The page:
Asking if I am at risk of heart disease is somewhat of a loaded question. After all, it is not unusual to see two people who eat the same foods, participate in many of the same activities, but yet have entirely different health concerns.
The most likely explanation for this is genetics, and there seems to be a growing body of evidence suggesting that certain genes can in fact protect a person from many of the common heart disease risk factors such as high cholesterol. But that is a topic for another day. In this article exploring am I at risk of heart disease we I will be focusing more on known facts rather than those that are yet unproven. So if you have few minutes why don’t we get started.
The first thing I would like to talk about is ethnicity. We tend to lump everyone into the same category but for a myriad of different reason certain populations tend to have a higher incidence of death from heart disease than others. Three categories where the risk of heart attack death seem to be the highest are whites (27.5), African Americans (25.8), and Hispanics (22.7). While these are important statistics to take into account they were compiled a few years ago and since that time there has been a spike in the number of heart attack deaths in Asian countries. Many experts attribute this rise in the popularity of cigarette smoking. China is perhaps the best example of this but it is not the only one.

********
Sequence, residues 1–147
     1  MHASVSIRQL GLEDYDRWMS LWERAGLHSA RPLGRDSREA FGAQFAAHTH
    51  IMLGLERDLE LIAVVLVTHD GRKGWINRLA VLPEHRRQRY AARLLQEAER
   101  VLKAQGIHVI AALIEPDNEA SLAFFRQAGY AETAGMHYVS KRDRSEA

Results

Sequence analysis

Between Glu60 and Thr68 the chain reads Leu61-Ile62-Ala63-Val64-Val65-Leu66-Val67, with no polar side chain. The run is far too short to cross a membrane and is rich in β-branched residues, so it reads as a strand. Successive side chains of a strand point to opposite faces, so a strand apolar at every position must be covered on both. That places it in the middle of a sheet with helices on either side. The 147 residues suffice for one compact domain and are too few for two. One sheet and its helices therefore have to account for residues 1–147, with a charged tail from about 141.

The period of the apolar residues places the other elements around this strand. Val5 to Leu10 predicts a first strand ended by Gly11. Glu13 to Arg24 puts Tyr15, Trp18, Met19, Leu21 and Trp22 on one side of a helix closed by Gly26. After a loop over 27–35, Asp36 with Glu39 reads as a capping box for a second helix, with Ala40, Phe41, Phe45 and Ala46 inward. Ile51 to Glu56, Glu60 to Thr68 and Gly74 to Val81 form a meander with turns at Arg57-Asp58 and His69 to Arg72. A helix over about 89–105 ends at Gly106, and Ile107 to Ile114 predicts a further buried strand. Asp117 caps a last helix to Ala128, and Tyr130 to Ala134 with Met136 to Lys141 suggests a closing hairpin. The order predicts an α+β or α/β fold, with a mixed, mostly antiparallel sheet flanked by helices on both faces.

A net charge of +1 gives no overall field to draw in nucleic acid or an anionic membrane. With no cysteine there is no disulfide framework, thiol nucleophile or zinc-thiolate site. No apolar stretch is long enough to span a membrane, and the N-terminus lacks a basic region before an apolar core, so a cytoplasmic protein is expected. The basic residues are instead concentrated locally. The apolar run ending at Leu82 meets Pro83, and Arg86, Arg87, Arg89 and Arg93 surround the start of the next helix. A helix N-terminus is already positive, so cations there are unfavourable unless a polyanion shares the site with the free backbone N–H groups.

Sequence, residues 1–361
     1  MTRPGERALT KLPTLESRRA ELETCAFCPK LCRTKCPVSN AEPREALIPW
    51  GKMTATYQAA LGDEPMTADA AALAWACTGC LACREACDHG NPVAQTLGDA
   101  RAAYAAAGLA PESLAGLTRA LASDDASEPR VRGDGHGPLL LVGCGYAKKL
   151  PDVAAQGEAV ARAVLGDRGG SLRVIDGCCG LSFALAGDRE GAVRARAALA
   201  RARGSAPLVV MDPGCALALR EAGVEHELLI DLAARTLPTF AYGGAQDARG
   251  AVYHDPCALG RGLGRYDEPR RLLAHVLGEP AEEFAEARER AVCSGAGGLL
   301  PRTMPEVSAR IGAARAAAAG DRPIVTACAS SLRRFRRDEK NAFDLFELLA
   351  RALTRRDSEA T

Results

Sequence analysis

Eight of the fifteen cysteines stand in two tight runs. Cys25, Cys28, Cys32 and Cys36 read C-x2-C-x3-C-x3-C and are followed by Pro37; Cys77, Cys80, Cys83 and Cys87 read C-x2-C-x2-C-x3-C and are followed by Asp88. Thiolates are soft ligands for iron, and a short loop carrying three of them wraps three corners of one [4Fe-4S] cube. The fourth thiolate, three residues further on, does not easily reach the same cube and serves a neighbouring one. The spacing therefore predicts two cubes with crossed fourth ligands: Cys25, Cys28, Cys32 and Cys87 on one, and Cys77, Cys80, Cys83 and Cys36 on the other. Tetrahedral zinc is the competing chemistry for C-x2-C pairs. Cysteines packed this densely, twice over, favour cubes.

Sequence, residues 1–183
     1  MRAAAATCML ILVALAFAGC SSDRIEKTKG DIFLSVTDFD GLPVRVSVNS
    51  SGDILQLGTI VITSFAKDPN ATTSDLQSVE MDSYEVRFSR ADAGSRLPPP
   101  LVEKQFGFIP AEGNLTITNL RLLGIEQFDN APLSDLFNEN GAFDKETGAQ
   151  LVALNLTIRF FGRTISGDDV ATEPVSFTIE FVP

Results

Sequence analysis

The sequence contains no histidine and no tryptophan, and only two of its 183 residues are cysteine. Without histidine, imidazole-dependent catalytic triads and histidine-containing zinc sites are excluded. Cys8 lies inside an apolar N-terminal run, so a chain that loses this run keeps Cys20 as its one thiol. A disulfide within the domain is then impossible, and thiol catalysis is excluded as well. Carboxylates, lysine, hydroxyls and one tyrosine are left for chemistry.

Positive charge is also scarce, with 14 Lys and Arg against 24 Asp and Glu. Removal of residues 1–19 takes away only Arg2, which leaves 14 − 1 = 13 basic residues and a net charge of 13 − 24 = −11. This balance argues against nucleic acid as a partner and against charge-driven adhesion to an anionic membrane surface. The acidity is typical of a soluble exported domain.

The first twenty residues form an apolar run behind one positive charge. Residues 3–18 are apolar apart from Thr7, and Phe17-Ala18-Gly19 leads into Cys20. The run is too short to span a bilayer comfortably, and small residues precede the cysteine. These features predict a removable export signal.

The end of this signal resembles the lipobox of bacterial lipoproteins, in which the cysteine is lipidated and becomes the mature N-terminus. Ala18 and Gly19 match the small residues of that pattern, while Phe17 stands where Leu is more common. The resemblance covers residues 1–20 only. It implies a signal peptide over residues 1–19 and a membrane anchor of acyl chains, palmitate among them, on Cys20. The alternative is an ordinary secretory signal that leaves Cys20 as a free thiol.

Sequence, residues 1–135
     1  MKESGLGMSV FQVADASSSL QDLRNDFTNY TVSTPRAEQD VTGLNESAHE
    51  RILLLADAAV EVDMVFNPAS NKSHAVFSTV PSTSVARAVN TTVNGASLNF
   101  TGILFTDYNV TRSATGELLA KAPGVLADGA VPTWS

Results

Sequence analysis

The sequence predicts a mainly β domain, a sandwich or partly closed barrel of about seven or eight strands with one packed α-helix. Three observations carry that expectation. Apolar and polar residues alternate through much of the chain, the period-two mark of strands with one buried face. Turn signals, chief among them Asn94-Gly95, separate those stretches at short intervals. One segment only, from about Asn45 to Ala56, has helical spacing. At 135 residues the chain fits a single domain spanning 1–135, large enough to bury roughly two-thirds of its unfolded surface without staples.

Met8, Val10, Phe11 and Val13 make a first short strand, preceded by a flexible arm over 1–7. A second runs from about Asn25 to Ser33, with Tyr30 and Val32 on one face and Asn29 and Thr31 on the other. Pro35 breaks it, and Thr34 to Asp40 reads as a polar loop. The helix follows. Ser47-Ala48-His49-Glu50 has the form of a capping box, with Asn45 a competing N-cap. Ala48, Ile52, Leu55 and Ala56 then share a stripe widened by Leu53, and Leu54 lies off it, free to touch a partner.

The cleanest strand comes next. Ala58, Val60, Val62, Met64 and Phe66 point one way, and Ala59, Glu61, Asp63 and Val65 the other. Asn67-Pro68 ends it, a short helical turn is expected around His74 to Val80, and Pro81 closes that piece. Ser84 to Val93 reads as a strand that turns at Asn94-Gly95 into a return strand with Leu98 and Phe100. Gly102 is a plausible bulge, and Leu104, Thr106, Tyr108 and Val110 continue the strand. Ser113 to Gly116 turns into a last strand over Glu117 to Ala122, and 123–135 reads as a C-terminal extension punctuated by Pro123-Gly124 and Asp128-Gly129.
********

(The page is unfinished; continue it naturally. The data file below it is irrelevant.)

If you are asking yourself am I at risk for heart disease another factor worth considering just might be geographic location as it relates to the types foods you consume. For examples the old style of southern cooking so popular in the Southern United States consisting of fried fatty foods seem to put their citizens at greater risk. To drive home this point the state of Mississippi has the highest death rate due to heart disease of all of the United States. Conversely western states such as Colorado and California have some of the lowest.
One last point of interest that may just help when asking yourself am I at risk for heart disease . This is to look at the seven most common risk factors for heart disease and ask yourself whether you have 2 or more of these. They are inactivity, obesity, high blood pressure, cigarette smoking, high cholesterol, and diabetes. If you answered yes to two or more of these you have almost a 40 percent greater chance of having a heart attack than someone who has one or none.
What else? Some individuals have decided to take a proactive approach to heart and artery health by implementing a natural cholesterol reduction supplement, along with daily exercise, and a diet low in saturated fat. This three step approach has proven to be a very effective side effect free way to reduce the risk of heart disease and improve overall heart health naturally.